To regulate or not to regulate

Kevin Lewis

February 04, 2013

The Disciplining Role of the Market Versus Government Regulation: The Case of Sarbanes-Oxley and the Earnings Quality of M&A Targets

Ilanit Gavious & Mosi Rosenboim
American Law and Economics Review, forthcoming

This study examines whether and how the passage of the Sarbanes-Oxley Act (SOX) affected earnings quality, proxied by accrual measures, prior to mergers and acquisitions (M&A). Given that the capital markets underwent unusual vicissitudes in the period leading up to the passage of SOX, we subdivide the pre-SOX period into four sub-periods: (1) the pre-technology bubble (1992-1997); (2) the technology bubble (1998-3/2000); (3) the bubble collapse (4/2000-9/2001); and (4) the pre-SOX scandal period (10/2001-7/2002). We document that abnormal accruals moved from significantly positive to significantly negative during the period of the major corporate scandals immediately preceding SOX, and remained negative in the post-SOX period. However, abnormal accruals in the post-SOX period were significantly less negative than during the scandals. Thus, a reduction (increase) in abnormal accruals (earnings quality) seems to have occurred concomitantly with the scandals, not as a result of the passage of SOX. We also document that investors' awareness of earnings manipulation by sellers consistently grew after the bursting of the technology bubble, as reflected in an increase in the discount applied to transaction prices throughout the sub-periods. Hence, concomitantly with the decrease (increase) in the levels of abnormal accruals (earnings quality) occurring during the scandals, the discount to transaction price due to suspected earnings manipulation also increased. Furthermore, the higher discount applied after SOX, relative to that immediately prior to SOX, implies that investors do not rely on SOX to prevent management from manipulating their earnings prior to a sale transaction. We conclude that changes in earnings quality prior to M&A transactions cannot be attributed to SOX. Rather, other events such as the bursting of the technology bubble and revelations of major accounting scandals seem to have affected managers' propensity to manipulate earnings. It seems that market response has a greater effect on managers' behavior than government regulation.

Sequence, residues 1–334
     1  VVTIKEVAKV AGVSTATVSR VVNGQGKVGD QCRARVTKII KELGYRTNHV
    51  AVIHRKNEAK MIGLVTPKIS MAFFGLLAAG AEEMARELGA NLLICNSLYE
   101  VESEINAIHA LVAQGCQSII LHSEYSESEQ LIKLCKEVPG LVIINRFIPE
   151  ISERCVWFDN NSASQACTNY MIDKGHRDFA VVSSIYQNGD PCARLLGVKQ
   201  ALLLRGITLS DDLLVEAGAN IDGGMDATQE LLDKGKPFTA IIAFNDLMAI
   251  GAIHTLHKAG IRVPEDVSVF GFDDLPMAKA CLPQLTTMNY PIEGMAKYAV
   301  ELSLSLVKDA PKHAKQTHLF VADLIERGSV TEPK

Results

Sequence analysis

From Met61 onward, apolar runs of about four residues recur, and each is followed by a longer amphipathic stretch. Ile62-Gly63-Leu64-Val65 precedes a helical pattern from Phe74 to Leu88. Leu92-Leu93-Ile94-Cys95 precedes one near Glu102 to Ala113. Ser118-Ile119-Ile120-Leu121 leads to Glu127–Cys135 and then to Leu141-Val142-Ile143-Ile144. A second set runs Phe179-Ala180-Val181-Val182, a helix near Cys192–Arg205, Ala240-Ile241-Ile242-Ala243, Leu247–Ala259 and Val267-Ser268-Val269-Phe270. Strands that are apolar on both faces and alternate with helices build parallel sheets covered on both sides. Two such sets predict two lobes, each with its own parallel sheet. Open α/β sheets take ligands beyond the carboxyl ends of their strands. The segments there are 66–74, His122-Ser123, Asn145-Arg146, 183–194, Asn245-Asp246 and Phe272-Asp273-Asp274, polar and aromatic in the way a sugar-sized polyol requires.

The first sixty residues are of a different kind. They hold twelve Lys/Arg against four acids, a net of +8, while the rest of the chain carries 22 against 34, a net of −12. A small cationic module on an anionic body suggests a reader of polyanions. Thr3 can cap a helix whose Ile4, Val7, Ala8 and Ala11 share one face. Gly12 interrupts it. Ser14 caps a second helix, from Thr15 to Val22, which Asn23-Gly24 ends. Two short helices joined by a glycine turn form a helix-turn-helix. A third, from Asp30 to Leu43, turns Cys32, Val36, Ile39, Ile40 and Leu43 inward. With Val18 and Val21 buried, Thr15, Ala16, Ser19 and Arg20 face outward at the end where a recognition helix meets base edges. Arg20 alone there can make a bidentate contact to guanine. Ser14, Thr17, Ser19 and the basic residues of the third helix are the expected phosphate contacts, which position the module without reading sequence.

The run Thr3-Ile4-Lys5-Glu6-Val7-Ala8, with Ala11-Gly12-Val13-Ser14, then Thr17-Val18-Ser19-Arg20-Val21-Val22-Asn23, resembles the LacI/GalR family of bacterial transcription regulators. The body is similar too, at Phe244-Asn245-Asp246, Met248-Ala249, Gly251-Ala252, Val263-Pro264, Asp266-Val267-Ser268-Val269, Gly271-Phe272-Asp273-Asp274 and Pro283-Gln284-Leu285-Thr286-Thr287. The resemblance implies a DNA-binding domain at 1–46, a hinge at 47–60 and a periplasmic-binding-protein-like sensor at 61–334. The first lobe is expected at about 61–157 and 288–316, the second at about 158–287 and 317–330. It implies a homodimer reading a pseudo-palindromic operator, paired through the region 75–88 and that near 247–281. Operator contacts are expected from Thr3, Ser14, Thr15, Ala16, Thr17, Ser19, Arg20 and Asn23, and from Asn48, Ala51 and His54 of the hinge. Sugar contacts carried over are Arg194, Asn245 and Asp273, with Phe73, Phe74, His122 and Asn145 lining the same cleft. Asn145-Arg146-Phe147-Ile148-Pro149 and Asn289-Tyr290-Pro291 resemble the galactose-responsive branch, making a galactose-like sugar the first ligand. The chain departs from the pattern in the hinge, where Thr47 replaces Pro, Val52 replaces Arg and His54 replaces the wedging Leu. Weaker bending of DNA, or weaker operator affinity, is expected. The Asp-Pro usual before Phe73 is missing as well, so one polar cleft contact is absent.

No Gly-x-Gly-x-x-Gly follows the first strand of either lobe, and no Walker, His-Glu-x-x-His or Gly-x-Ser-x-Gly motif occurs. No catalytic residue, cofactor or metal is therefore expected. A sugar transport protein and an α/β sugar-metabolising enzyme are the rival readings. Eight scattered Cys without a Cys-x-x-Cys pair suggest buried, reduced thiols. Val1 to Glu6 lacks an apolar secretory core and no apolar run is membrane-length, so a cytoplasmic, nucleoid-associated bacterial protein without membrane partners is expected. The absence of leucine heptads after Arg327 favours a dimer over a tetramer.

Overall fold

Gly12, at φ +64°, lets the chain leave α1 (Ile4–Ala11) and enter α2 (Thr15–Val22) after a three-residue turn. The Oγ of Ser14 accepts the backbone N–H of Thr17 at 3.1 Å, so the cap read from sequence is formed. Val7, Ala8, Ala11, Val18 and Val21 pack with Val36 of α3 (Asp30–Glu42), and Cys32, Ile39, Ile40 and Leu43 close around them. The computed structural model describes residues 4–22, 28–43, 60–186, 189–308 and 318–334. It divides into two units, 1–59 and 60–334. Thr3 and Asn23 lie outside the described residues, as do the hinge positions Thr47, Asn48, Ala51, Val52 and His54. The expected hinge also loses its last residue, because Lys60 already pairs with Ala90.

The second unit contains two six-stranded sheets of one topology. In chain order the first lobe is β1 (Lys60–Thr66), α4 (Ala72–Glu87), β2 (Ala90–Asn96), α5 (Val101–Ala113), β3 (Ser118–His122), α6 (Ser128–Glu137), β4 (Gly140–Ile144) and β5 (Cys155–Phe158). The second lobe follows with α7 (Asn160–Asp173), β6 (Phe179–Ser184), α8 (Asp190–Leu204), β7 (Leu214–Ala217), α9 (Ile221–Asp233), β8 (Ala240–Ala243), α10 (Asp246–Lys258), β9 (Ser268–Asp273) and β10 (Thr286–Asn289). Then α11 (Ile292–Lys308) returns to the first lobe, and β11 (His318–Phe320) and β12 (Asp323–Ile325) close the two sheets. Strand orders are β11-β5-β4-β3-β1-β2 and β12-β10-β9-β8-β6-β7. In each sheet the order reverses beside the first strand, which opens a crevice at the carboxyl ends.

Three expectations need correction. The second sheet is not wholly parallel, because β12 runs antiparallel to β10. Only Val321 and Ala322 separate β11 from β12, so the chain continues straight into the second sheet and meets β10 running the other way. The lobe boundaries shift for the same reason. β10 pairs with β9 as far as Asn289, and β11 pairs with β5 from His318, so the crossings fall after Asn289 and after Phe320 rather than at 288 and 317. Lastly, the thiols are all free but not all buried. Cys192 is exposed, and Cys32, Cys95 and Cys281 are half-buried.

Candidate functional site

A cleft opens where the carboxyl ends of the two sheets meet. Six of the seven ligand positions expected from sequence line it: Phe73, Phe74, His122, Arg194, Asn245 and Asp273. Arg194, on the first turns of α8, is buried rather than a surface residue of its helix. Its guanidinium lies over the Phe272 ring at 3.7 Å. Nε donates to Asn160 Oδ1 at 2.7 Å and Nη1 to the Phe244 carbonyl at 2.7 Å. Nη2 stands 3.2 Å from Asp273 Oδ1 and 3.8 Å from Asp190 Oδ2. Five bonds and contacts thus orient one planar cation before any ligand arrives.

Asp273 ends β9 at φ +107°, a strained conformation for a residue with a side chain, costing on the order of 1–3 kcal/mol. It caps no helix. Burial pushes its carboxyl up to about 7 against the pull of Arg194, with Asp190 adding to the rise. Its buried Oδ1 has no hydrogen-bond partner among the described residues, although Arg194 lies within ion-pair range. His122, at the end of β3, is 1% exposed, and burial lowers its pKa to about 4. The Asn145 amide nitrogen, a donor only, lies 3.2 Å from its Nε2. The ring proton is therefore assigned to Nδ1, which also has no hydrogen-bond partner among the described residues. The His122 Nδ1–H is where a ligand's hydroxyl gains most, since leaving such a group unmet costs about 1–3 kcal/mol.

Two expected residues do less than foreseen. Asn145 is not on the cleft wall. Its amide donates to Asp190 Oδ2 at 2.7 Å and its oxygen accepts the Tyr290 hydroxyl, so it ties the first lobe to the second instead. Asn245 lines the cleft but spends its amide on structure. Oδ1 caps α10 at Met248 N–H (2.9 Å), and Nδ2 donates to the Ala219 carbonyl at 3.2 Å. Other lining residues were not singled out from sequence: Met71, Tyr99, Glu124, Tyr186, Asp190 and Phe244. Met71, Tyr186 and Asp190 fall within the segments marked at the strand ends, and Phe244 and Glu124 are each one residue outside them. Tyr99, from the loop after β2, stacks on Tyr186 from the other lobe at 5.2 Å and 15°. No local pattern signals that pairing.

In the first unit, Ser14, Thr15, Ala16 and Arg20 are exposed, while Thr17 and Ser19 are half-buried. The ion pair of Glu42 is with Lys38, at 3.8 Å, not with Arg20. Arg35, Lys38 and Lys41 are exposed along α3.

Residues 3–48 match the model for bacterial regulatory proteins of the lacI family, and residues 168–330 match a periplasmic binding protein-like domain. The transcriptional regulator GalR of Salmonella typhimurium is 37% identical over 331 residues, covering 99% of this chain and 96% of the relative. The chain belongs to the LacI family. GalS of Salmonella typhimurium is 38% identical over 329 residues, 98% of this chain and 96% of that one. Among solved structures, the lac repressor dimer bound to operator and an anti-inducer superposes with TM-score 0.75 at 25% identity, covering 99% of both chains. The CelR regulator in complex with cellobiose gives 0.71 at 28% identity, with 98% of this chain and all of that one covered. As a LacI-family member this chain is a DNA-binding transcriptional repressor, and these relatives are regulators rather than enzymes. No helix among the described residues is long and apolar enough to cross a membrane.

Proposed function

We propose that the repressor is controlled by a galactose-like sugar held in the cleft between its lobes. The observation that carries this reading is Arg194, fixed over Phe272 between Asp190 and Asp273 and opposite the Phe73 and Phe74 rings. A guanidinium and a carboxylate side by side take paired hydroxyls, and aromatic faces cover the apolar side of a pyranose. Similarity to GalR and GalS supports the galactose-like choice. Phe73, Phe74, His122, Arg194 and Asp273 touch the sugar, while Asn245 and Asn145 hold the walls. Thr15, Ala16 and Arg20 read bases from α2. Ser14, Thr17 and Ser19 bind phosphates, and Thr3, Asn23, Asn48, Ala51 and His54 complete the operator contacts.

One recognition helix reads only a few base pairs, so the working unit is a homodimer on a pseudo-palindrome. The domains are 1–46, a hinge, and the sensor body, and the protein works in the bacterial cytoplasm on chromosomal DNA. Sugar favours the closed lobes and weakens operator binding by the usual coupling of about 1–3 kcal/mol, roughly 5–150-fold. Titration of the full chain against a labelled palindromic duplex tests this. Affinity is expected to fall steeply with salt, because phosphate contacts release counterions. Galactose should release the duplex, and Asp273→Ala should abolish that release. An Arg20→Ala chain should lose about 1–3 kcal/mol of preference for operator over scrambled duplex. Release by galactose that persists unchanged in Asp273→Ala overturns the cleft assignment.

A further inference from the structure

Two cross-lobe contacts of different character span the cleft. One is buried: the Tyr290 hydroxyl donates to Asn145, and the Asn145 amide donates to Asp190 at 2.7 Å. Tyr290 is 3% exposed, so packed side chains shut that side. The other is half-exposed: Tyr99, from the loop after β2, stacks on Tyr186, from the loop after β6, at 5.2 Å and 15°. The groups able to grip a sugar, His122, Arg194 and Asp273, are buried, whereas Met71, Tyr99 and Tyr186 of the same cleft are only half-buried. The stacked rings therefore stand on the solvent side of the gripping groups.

Corporatism and job satisfaction

Edmund Phelps & Gylfi Zoega
Journal of Comparative Economics, forthcoming

We introduce reported job satisfaction as a measure of economic performance and find it positively correlated with GDP per capita and the labor force participation rate in a sample of OECD countries and negatively correlated with unemployment. Moreover, we find that many measures of corporatism, which we define in the wider sense as institutions that hamper with the allocation of the factors of production and the distribution of income in a capitalist economy, are negatively correlated across countries with job satisfaction. Thus job satisfaction is positively correlated across countries with measures of the protection of property rights and negatively correlated with the volume of regulations of credit markets, labor markets and businesses, in addition to barriers to entrepreneurship, corruption and lack of access to capital. In contrast, measures of capitalism, such as the number of listed companies and market capitalization, are positively correlated with job satisfaction.



Tino Sanandaji & Peter Leeson
Industrial and Corporate Change, February 2013, Pages 313-337

Existing studies of entrepreneurship focus on entrepreneurs whose individual contribution to wealth creation is typically trivial: self-employed persons. This article investigates entrepreneurs whose individual contribution to wealth creation is enormous: billionaires. We explore the relationship between economic development, institutions, and these contrasting kinds of entrepreneurs. We find that the institutions consistent with self-employed entrepreneurs differ markedly from the ones consistent with billionaires. Further, only the latter are consistent with the institutions that underlie economic prosperity. Where well-protected private property rights and supporting, market-enhancing institutions flourish, so do billionaires. But self-employed entrepreneurs do not. Where private property rights are weakly protected and interventionist institutions flourish, so do self-employed entrepreneurs. But billionaires do not.


Texting Bans on Roadways: Do They Work? Or Do Drivers Just React to Announcements of Bans?

Rahi Abouk & Scott Adams
American Economic Journal: Applied Economics, forthcoming

Since 2007, many states passed laws prohibiting the use of the text messaging feature of mobile devices while driving. Using vehicular fatality data from across the United States and standard difference-in-differences techniques, bans appear moderately successful at reducing accidents among single vehicles with a single occupant following bans. This reduction is short-lived, however, with accidents returning to near former levels within a few months. This is suggestive of drivers reacting to the announcement of the legislation only to return to old habits shortly afterward.